The funerals of many victims were being held in churches around Perm
Russia is holding a national day of mourning for the 113 people killed in a nightclub fire in the city of Perm.
Some television and radio programmes have been cancelled, flags are flying at half-mast and memorial services are being held across the country.
More than 140 people were injured, some seriously, when fireworks triggered the blaze in the early hours of Saturday.
Four people, including the club's co-owner, were charged on Monday over the blaze. All are in police custody.
The club's co-owner, manager and art-director and also the manager of the firm that had supplied the fireworks were on Monday charged with manslaughter and breaches of fire safety.
In Perm, residents laid hundreds of red carnations outside the Lame Horse nightclub, which was surrounded by candles and photos of victims.
The funerals of more than 20 victims were being held in churches around the city on Monday.
Many of those who died were trapped in the crush as more than 200 people fought to escape the smoke and flames through one narrow exit.
The death toll climbed to 113 on Monday after a man and a young woman died in hospital, officials said.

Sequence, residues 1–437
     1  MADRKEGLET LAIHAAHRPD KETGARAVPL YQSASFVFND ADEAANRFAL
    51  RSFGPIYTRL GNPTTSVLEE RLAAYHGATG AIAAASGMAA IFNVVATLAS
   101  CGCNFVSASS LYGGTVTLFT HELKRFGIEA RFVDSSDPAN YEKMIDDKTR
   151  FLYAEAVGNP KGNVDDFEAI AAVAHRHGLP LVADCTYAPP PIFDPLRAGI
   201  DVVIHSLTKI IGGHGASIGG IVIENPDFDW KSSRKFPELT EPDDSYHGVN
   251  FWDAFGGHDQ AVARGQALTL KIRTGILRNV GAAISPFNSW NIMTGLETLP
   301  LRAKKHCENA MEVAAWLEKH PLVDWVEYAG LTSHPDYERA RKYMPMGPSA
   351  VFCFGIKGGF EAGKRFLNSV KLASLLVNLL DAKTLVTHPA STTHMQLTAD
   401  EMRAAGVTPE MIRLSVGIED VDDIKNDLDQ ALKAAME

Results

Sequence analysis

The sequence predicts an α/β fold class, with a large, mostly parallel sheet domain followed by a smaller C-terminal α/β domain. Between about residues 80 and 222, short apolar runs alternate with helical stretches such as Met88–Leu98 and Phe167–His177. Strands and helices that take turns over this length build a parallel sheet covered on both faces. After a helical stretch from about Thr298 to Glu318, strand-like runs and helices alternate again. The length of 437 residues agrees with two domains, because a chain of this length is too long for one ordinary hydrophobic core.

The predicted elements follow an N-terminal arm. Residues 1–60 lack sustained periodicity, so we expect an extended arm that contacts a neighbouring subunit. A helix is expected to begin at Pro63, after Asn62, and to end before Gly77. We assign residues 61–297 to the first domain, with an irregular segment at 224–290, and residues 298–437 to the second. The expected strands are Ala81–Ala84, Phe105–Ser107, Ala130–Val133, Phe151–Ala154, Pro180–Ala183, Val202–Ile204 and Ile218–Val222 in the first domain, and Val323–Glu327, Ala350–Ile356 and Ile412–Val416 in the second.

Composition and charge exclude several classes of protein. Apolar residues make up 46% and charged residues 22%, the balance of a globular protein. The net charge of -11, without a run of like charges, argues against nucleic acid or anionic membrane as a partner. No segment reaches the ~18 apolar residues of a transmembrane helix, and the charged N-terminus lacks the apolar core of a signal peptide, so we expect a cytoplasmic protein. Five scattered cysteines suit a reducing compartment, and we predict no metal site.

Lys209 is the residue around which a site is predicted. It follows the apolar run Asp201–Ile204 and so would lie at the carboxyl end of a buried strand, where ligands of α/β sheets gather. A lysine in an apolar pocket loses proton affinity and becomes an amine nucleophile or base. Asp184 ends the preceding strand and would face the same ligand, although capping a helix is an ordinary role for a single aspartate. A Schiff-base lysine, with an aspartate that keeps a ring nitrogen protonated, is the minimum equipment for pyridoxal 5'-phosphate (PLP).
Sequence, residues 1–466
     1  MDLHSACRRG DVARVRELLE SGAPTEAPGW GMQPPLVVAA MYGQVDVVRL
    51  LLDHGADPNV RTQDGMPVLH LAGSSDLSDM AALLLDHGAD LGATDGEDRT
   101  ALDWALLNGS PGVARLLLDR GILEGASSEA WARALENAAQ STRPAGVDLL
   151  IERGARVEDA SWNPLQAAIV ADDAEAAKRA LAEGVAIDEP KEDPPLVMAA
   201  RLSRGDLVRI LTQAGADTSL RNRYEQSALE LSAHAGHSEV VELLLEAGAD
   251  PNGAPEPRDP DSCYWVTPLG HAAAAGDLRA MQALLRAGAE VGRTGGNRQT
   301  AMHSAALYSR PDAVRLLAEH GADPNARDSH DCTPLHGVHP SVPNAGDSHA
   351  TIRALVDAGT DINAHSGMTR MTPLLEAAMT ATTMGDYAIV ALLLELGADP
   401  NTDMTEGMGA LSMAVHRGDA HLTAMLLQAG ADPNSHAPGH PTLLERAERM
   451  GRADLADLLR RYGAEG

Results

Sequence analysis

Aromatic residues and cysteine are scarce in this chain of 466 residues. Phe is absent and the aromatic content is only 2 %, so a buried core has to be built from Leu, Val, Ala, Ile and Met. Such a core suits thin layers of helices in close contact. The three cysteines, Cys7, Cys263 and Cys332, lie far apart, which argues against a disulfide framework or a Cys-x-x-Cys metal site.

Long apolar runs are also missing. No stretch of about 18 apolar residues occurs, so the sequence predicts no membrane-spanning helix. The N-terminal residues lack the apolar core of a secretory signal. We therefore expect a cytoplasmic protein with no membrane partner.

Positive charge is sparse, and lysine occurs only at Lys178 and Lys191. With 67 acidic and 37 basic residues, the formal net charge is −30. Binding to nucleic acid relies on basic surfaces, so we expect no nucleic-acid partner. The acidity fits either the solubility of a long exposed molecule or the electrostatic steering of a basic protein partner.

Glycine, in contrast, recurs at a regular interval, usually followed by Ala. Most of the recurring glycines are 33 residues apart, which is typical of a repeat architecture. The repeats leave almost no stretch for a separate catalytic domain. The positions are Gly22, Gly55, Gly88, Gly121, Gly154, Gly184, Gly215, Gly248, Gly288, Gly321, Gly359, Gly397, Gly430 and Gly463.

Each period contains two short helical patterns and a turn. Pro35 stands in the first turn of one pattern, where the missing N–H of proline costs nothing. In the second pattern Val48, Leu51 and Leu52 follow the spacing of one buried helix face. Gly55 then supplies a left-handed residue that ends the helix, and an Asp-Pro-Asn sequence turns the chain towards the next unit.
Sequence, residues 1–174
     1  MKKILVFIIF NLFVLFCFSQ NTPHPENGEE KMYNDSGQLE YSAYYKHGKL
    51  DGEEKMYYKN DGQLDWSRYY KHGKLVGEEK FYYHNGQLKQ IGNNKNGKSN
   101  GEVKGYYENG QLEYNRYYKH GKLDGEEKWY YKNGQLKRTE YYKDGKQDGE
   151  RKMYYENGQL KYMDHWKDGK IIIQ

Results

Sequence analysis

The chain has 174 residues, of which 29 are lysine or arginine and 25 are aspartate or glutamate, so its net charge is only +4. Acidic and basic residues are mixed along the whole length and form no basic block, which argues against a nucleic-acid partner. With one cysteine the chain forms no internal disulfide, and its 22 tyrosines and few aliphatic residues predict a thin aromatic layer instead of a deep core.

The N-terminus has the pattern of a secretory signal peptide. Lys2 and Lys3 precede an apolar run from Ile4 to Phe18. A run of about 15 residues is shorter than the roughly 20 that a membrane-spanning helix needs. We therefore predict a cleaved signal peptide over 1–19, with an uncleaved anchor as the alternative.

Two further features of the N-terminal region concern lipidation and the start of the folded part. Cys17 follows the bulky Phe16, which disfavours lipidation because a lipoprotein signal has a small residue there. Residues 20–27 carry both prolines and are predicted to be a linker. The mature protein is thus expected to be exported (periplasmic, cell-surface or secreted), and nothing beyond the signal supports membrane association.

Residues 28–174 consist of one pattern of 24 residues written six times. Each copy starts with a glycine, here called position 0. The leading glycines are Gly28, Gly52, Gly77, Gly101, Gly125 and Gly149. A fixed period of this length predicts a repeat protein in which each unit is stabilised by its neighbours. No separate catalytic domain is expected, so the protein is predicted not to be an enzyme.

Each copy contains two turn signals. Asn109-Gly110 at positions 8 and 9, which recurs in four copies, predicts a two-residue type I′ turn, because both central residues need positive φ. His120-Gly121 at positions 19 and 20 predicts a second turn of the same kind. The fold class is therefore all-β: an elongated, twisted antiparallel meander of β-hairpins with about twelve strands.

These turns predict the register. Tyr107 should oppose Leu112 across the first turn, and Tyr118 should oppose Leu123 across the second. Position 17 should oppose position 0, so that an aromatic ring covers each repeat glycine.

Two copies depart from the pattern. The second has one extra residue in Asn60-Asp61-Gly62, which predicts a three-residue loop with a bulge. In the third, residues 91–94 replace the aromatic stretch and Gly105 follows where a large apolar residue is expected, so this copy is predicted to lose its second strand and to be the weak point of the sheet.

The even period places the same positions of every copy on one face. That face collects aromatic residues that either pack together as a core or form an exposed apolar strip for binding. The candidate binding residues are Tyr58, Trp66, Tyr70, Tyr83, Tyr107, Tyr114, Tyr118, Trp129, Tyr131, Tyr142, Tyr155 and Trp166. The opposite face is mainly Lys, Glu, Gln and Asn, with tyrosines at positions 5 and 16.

It is estimated there were more than 200 people inside the club when the fire broke out during a firework show to mark the club's eighth anniversary.
Amateur footage taken inside the club at the time showed flames taking hold in wicker decorations that were covering the ceiling.
The most seriously injured victims were airlifted to specialist burns units at hospitals in Moscow, St Petersburg and other cities.
Doctors said many had more than 50% burns and some were being kept alive by artificial respirators.
On Sunday, a memorial service was held at the main church in Perm, some 1,400km (870 miles) east of the capital Moscow.
The first funerals were held amid bitter recriminations from relatives towards those they held responsible for the tragedy.
Amateur video shows how the tragedy unfolded at the nightclub in Perm
At the funeral of 26-year-old barman Timur Perfilyev on Sunday, a friend, Andrei, told how the employee had got out of the club but went back to help others and perished.
"They found him when they were searching the ruins," he said, blaming "corrupt authorities" for poor fire safety rules at the club.
Correspondents say fire inspections in Russia are routinely used as a way to demand bribes rather than enforce safety rules.
"The authorities are directly to blame, along with corruption and the criminality of firemen," said Perm resident Leonid Ryabov, 51, who was buying flowers to lay near the club.
Russian President Dmitry Medvedev has demanded that those found responsible be punished with the full force of the law.
Russian Emergencies Minister Sergei Shoigu has called for spot checks on all Russia's nightclubs to be completed before the end of the year.